The Yoders are always up for trying something new, so they have recently started experimenting with grafting in order to create a wider variety of hearty, disease resistant tomatoes. They also grow strawberries and pumpkins and open their farm for visitors to pick their own produce. It is a privilege to be doing business with a local, trustworthy, family-owned operation like Yoders' Farm. You can learn more at Top, Dawson Yoder, a fourth generation up-and-coming farmer, helps uncle Gary pick "suckers" from the hot house tomato plants.

LIRA PLUMBING, LLC Solving your family’s plumbing problems safely, correctly and economically, the first time!





Green Beans A Snappy Spring Treat

Both common and elegant, green beans are the most popular bean in the United States. Their tender snap and fresh flavor make them an asset to a variety of dishes, as well as enjoyable all by themselves. Try a sauté of green beans and tofu in sesame oil, ginger, and garlic and serve over rice for a quick dinner, or simply steam green beans and top with a pat of butter and a squeeze of fresh lemon juice for an easy side dish. For meals and gatherings, don’t forget the homey comfort of a luscious, creamy green bean casserole, topped with crunchy, savory onions. Information provided by National Cooperative Grocers Association at

Zingy Green Bean Sauté with Balsamic Vinaigrette Green Beans

1 teaspoon olive oil 1 pound green beans, trimmed 1 pint cherry tomato, halved 1/4 cup fresh parsley, minced


3 tablespoons balsamic vinegar 6 tablespoons walnut oil 1/4 teaspoon salt 2 tablespoons minced shallot 1 tablespoon brown sugar Cracked black pepper


Free Co+op Kitchen app! The Co+op Kitchen app is a convenient way to bring delicious Co+op Kitchen recipes (videos and written versions) and handy techniques directly into your kitchen. Go to iTunes to download the free app.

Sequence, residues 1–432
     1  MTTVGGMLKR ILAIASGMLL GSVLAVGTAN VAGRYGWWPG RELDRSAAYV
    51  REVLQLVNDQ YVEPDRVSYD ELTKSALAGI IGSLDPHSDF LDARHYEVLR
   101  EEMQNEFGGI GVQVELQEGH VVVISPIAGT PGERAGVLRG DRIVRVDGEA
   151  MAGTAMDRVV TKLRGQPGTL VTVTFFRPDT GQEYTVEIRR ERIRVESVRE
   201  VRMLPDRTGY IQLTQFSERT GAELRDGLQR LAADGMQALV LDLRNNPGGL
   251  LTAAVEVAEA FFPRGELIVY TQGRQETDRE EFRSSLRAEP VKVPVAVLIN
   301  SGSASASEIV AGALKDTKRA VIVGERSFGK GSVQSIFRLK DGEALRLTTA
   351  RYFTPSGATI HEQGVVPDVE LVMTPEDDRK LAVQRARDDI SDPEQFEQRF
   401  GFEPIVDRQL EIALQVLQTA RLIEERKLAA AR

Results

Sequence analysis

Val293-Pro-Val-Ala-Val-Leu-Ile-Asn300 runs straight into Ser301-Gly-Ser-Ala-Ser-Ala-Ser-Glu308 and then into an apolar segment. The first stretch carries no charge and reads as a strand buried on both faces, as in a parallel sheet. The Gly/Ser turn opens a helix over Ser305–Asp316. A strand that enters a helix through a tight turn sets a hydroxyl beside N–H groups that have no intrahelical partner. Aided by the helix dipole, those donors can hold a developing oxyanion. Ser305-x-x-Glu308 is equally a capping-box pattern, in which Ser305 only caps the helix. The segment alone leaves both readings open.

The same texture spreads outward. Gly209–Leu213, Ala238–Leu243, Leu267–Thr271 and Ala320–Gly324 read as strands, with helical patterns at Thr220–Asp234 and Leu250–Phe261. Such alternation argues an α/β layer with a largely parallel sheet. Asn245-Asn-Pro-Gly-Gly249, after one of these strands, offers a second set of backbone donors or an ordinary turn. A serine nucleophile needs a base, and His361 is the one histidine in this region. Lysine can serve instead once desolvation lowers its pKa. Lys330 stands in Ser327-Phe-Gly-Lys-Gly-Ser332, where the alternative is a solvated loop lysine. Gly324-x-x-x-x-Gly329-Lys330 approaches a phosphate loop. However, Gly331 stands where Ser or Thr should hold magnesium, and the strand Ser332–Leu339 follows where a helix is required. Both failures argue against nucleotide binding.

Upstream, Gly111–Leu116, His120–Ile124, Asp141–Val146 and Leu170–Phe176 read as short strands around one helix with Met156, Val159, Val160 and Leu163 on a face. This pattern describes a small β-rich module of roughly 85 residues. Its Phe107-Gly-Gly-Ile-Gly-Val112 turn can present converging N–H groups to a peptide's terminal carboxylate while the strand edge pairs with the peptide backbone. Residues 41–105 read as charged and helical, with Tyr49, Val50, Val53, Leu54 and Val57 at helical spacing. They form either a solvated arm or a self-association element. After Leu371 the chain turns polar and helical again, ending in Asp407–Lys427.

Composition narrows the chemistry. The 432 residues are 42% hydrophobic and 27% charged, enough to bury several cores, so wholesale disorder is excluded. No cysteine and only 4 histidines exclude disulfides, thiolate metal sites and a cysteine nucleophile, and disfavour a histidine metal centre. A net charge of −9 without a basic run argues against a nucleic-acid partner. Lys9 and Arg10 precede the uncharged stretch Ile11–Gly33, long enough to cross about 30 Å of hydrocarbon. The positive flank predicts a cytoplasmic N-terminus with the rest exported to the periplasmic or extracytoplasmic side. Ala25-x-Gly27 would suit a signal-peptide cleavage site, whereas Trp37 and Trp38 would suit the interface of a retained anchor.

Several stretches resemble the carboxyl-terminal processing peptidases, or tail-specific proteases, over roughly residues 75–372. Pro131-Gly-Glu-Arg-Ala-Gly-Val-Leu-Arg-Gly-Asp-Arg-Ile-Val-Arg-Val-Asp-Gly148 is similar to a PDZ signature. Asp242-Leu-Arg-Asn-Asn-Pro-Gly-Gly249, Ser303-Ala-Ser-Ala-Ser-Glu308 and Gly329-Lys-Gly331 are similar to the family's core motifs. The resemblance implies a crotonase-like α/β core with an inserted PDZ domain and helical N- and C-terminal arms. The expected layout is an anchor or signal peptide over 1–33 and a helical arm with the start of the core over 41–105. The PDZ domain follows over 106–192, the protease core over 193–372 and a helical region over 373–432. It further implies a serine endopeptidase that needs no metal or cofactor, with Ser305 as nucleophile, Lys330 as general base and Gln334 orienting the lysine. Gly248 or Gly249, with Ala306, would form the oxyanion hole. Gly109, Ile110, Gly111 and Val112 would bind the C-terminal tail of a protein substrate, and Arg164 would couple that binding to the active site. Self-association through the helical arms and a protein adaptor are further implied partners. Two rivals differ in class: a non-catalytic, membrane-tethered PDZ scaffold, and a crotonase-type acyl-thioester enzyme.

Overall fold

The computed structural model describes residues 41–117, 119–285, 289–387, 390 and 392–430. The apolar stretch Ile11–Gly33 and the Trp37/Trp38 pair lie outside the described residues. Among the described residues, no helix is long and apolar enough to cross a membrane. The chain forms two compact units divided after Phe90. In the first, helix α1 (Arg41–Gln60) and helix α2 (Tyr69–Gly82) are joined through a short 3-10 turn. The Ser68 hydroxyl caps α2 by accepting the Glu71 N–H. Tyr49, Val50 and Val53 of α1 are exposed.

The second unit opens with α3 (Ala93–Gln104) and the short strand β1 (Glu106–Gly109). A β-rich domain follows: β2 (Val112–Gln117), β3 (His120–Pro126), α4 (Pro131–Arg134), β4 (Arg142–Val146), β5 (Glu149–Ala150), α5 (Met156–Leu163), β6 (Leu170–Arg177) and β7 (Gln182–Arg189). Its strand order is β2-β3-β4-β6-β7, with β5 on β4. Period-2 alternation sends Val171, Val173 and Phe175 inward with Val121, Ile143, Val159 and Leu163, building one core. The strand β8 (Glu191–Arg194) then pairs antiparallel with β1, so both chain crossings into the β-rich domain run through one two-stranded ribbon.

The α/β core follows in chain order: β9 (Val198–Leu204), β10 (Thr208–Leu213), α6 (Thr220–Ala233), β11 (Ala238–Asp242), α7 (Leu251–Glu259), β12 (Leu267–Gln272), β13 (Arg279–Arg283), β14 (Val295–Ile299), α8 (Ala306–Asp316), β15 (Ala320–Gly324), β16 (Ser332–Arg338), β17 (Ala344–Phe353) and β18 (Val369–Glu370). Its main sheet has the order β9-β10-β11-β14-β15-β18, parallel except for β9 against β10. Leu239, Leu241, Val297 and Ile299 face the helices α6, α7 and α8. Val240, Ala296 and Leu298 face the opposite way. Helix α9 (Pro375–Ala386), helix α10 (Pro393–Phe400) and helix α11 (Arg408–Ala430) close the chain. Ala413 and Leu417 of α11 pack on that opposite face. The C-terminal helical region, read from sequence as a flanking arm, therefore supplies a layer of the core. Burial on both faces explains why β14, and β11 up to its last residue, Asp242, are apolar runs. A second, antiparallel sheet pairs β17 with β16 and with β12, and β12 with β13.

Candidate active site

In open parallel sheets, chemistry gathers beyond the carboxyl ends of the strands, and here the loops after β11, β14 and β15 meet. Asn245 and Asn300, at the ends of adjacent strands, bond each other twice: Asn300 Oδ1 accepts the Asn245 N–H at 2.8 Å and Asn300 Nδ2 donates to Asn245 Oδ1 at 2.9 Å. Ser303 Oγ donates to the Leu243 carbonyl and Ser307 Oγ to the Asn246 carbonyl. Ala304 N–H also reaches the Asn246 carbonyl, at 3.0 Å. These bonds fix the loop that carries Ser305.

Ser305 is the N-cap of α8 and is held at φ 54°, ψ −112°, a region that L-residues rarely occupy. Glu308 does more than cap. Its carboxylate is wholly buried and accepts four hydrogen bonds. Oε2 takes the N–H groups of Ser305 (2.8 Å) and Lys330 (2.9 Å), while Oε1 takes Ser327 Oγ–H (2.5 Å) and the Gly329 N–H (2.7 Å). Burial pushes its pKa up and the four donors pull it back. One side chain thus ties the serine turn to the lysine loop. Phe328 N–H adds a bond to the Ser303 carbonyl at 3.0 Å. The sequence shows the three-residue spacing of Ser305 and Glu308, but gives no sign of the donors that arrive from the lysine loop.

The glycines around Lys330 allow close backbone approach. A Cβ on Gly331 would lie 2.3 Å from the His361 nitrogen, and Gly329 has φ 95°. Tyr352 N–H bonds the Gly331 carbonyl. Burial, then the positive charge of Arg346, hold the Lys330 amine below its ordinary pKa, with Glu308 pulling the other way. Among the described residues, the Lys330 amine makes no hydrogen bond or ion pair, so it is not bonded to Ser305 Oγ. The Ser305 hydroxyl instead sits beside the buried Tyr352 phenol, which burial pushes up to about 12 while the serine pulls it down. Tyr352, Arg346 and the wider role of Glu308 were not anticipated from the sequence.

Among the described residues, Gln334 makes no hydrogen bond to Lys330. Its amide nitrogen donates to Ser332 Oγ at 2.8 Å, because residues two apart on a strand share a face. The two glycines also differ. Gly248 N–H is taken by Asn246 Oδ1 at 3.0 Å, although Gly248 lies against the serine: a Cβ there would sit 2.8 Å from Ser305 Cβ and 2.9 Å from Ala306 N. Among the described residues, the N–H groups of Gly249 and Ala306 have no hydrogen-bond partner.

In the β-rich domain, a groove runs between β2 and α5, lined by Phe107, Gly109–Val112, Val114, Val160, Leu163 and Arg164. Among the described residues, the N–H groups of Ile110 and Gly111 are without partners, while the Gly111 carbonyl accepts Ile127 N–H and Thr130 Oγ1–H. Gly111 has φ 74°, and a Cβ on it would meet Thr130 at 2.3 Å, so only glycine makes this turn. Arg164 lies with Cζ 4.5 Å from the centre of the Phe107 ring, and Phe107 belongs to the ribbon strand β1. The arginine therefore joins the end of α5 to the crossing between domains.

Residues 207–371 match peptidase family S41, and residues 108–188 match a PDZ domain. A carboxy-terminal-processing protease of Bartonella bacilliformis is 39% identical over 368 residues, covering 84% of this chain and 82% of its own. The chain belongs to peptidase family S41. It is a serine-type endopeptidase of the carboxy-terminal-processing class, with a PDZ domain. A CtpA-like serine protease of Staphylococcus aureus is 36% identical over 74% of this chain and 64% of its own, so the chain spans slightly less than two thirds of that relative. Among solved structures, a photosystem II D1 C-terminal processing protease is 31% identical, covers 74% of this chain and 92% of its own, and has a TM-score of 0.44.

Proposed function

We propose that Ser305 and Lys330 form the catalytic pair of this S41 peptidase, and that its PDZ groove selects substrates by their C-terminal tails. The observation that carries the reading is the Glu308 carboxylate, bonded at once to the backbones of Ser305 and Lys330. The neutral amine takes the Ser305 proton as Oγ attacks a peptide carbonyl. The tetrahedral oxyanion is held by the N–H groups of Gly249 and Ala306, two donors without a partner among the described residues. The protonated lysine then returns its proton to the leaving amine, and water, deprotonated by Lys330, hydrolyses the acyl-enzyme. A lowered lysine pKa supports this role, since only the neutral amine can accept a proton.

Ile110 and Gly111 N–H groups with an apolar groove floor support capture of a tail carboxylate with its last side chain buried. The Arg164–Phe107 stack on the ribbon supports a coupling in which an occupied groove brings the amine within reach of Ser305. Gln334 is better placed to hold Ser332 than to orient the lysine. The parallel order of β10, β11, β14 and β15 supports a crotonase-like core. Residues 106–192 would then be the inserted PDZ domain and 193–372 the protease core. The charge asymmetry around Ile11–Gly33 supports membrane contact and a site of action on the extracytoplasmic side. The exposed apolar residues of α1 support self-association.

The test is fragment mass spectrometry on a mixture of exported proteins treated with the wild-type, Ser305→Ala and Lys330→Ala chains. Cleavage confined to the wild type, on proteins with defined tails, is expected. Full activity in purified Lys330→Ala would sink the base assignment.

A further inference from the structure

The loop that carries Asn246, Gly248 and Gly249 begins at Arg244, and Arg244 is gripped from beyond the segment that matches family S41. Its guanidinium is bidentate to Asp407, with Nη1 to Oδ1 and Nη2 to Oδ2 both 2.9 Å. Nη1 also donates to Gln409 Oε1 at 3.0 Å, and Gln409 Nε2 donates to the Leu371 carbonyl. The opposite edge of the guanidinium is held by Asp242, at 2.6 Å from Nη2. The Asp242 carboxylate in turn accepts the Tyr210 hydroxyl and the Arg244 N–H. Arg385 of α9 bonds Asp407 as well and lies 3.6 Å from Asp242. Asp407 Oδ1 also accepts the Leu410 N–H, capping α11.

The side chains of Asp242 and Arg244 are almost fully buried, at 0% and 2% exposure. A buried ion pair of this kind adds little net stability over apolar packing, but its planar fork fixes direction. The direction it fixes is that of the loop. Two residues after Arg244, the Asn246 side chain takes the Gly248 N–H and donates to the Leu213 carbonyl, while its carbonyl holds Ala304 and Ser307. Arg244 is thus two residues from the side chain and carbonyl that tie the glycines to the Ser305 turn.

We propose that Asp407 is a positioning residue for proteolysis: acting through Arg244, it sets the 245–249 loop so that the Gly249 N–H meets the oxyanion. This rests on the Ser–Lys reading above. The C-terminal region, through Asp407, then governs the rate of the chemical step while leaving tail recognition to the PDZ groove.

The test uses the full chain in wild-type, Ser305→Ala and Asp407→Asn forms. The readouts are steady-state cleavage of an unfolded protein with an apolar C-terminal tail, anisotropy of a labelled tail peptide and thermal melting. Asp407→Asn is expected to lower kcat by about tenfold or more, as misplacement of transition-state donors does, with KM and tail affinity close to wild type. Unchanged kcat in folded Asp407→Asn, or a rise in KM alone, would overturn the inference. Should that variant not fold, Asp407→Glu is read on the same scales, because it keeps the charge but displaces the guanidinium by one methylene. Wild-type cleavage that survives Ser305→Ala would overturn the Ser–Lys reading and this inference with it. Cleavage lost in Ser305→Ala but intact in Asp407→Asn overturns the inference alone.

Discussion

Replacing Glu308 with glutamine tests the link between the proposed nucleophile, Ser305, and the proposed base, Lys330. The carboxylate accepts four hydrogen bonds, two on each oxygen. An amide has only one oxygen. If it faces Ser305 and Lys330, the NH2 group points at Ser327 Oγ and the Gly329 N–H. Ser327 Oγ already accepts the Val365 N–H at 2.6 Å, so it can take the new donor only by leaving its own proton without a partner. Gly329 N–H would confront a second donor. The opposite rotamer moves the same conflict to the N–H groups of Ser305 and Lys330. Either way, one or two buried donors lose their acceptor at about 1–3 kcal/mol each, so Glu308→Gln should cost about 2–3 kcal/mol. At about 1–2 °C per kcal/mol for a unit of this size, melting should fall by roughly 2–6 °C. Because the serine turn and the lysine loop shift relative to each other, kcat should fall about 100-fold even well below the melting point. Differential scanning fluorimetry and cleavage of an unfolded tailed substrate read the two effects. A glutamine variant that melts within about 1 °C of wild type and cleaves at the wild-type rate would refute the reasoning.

In a jar or cruet, combine the vinegar, oil, salt, shallot and brown sugar, and shake vigorously to combine. In a large skillet, heat the teaspoon of olive oil over high heat. When hot, add the beans and tomatoes and stir constantly until the beans are tender, slightly shriveled and browned, and tomatoes are soft. Add 4 tablespoons of dressing to the pan and toss over the heat for just a couple of minutes to thicken and coat, then serve the beans immediately, sprinkled with parsley. Refrigerate the remaining 1/4 cup dressing for later use on cooked grains, pasta, veggies or other salads of your choice. Recipe by Robin Asbell, National Cooperative Grocers Association.

Spring 2013



Gayle Havens Cooley Board President While we continue to grow in leaps and bounds at Roanoke Natural Foods Coop, the global cooperative village is also growing. For co-ops, growth means something more than merely increasing in size or growth for growth’s sake. Because the cooperative business model is unique amongst business models with its concern for a triple bottom line - financial, social and environmental - cooperators stress that growth for us means intelligent and purposeful growth. To flesh out and explore some aspect of purposeful growth, our consulting cooperative, CDS, organized a seminar titled “Growing Our Co-ops.” This took place on March 3, 2013 at the beautiful North Carolina Arboretum in Asheville. Three of your board members and two top-level managers represented Roanoke Natural Foods Co-op.

Throughout the day we heard from interesting presenters discussing both the theory behind intelligent cooperative growth and exciting practical examples of cooperative growth. Between speakers, we broke out into small groups for table discussions. You’ll be pleased to know that CDS asked our Coop to give a short presentation about our growth and how we thought it translated into value for our community. The urban farm, Heritage Point, and our downtown expansion generated a lot of interest and excitement from others in attendance. I was proud to see that the way we are choosing to grow Roanoke Natural Foods is being recognized amongst our fellow Co-ops. Thank you so much for your continued support. You are the power behind the growth. In cooperation,

2013 Annual Owners' Social & Meeting

Sunday, May 5, 2013 Social: 5:00pm, Meeting: 6:30pm Schaal’s Metamorphosis, 402 N Jefferson Street, Downtown Roanoke